Infrastructure project open for comments

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New Mexico and Arizona are one step closer to a massive increase in the transmission of electricity.

The Bureau of Land Management continues working through procedure on the SunZia Southwest Transmission Project, which consists of two 500 kilovolt power lines that will extend from Lincoln County all the way to Pinal County in Arizona.

Until Aug. 22, the BLM is accepting written public comments on the draft of the Environmental Impact Statement that it has assembled for this project.

SunZia Transmission, LLC — the company that proposed the project — plans to construct two transmission lines designed to carry a massive electrical voltage between power substations. One will carry AC, but the other could carry AC or DC, depending on the needs of the serviced communities. These lines would be the only 500 kV transmission lines in southern New Mexico.

Though this project is for the transmission of electricity, not power generation, the new infrastructure will open up opportunities for new sources of power in the area surrounding the lines.

Adrian Garcia, of the Santa Fe BLM office, said that this corridor has particularly good potential for solar- and wind-based power.

Currently, the BLM has prepared several possible routes for the lines, which will cross between 460 and 530 miles of terrain. The lines begin at the proposed SunZia East substation in northwestern Lincoln County, just south of Corona, N.M. The BLM has proposed six possible sub-routes between the SunZia East substation and the proposed midpoint substation northeast of Deming in Luna County; all six routes pass through Socorro County.

Within the county, the BLM found three major planning concerns: avoiding the Salinas Pueblo Missions National Monument, avoiding federal land north of White Sands Missile Range and reducing the effects on birds migrating out of the Bosque del Apache National Wildlife Reserve.

According to the BLM’s presentation on Wednesday, June 27, in order to avoid a White Sands-related facility north of Highway 380, the BLM’s preferred route goes north from the SunZia station and passes near the Socorro/Torrance County line, which brings it near the Salinas Pueblo Missions National Monument. Again, the BLM’s preferred solution here is to go north, passing just over four miles from the site itself before crossing back into Socorro County.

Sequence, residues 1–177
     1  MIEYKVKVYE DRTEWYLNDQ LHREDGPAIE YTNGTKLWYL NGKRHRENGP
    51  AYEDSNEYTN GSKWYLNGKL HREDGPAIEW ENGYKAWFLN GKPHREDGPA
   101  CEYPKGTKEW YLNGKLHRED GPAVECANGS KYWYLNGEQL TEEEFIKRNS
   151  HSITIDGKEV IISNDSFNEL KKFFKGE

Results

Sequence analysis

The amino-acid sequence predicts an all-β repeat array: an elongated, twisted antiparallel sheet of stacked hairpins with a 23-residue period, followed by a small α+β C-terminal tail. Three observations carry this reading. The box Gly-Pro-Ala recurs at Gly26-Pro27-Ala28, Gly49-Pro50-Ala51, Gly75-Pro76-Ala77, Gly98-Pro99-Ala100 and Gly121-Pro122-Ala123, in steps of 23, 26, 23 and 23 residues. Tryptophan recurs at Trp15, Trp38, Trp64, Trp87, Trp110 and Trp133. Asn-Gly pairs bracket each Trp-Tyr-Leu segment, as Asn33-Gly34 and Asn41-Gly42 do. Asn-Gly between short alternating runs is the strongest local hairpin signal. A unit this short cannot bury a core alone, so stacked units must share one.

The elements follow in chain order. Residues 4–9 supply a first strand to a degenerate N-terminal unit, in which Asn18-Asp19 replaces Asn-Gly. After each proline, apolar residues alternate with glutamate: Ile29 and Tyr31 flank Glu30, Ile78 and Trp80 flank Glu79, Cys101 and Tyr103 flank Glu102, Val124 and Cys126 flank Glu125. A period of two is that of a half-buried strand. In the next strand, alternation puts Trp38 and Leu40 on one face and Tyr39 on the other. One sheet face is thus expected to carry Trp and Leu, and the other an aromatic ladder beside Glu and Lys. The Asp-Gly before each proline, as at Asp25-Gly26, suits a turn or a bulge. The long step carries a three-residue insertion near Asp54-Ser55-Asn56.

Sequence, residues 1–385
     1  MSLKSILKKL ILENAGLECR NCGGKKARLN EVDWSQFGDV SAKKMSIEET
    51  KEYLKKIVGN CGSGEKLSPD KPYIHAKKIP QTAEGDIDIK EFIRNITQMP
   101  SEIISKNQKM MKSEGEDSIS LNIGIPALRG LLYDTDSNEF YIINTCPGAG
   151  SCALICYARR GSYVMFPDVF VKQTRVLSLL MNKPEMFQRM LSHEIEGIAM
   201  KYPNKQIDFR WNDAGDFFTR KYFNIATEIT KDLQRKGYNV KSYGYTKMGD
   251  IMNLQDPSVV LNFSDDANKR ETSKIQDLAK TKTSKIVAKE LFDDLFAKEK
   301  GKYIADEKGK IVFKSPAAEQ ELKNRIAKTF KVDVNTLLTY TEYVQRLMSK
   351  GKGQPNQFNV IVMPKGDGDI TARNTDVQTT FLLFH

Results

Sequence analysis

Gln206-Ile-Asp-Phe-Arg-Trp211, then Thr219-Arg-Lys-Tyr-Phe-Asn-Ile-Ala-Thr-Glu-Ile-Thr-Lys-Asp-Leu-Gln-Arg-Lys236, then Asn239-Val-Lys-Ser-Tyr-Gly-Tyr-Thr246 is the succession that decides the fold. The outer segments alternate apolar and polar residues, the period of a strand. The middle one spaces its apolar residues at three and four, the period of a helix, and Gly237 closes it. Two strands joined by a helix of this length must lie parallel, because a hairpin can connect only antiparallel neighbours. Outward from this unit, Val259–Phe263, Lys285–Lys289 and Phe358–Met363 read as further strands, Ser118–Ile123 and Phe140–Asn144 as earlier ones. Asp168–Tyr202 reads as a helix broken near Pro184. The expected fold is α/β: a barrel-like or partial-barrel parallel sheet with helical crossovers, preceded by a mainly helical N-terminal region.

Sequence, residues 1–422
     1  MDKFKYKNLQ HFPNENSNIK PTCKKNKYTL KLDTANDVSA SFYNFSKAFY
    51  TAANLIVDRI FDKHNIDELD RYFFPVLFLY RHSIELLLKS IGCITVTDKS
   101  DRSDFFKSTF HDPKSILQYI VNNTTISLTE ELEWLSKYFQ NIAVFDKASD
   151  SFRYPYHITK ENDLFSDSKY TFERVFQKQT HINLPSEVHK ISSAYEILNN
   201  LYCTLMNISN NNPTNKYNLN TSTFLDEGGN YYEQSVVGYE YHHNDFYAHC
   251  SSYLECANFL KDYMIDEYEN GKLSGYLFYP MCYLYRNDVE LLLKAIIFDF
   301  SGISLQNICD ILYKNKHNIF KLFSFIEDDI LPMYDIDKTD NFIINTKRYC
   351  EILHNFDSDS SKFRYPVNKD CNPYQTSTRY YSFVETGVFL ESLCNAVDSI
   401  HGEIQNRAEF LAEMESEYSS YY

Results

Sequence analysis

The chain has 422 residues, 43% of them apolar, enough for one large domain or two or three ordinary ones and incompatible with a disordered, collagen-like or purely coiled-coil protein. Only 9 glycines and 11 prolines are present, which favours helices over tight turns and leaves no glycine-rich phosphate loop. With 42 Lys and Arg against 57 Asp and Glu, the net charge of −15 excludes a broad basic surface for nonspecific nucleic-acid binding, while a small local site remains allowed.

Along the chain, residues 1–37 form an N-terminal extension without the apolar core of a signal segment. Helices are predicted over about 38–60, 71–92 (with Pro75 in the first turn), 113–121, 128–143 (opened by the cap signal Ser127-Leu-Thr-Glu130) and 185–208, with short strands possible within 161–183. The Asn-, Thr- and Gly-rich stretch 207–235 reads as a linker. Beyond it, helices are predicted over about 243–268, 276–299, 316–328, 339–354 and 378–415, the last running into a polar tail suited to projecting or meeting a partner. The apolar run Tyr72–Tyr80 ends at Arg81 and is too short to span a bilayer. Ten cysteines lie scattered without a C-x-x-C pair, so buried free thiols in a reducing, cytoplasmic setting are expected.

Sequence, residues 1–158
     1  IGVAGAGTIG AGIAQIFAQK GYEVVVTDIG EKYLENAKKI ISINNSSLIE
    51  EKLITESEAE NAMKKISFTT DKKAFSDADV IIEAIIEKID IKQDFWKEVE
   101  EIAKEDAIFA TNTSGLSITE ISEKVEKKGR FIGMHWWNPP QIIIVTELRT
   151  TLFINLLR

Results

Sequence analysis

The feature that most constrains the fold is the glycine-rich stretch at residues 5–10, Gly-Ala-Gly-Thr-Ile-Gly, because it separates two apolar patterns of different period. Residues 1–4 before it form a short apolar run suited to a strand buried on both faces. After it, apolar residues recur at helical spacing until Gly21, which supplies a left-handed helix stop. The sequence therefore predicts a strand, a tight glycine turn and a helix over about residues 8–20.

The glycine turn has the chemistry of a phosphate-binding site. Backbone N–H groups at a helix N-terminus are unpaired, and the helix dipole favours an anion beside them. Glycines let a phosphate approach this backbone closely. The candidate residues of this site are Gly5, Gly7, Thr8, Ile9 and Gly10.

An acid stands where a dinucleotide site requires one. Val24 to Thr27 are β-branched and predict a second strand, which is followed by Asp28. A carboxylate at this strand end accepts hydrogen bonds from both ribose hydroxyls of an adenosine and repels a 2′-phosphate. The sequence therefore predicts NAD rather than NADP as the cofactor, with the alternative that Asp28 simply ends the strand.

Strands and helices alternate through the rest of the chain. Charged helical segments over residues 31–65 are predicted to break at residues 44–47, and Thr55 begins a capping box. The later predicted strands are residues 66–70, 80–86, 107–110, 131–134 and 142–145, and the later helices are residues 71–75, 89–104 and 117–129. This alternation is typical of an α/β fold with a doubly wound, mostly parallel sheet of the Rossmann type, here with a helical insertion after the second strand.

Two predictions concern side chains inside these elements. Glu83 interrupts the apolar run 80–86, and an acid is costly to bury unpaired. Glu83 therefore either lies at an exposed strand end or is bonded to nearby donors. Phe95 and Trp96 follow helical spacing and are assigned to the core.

As it passes west, the line must cross the Rio Grande, either south of the Sevilleta National Wildlife Reserve near Escondida or just north of San Antonio; the BLM prefers that the line pass further north.

According to BLM Biologist Danny Apachito, the Rio Grande corridor just north of Bosque del Apache, is a major crossing for migratory birds, and no matter what happens, migration patterns will be altered.

In particular, the Bosque del Apache and surrounding area is a critical environment for the endangered Southwest willow flycatcher, and it is home to the highest population in the region.

“Repair will be invasive,” said Apachito, adding that it would generally alter life for local species. Reducing these environmental effects was a major part of why the BLM preferred to have the lines cross the Rio Grande further north of the Bosque del Apache — several miles north, the lines would have a diminished effect on the birds and other local life.

These were not the only concerns that were faced when the BLM was planning its routes through Socorro County. Socorro BLM Field Manager Danita Burns said the BLM had to consider reducing impact on back-country areas, such as the Quebradas, the historic Camino Real and avoiding ranch lands, as well as the 13 wilderness study areas in the county.

Burns also said they had to consider cultural issues, such as historic and prehistoric resources and sites, as well as Native American and pre-Native artifacts.

Originally, there was a route discussed that would have avoided Socorro County altogether by passing east of White Sands Missile Range, past Carrizozo and Alamogordo and eventually coming west somewhere south of Las Cruces. However, it was deemed impractical much earlier in the planning process.

In compliance with regulations, the full draft EIS is online at www.blm.gov/nm/sunzia.

After the EIS is finalized, there will be a 30-day public protest period for the final design.

To submit a comment, fill out a public comment form from the BLM website, and email it to NMSunZiaProject@blm.gov, or mail it to Bureau of Land Management SunZia Southwest Transmission Project, P.O. Box 27115, Santa Fe, N.M. 87508-0115.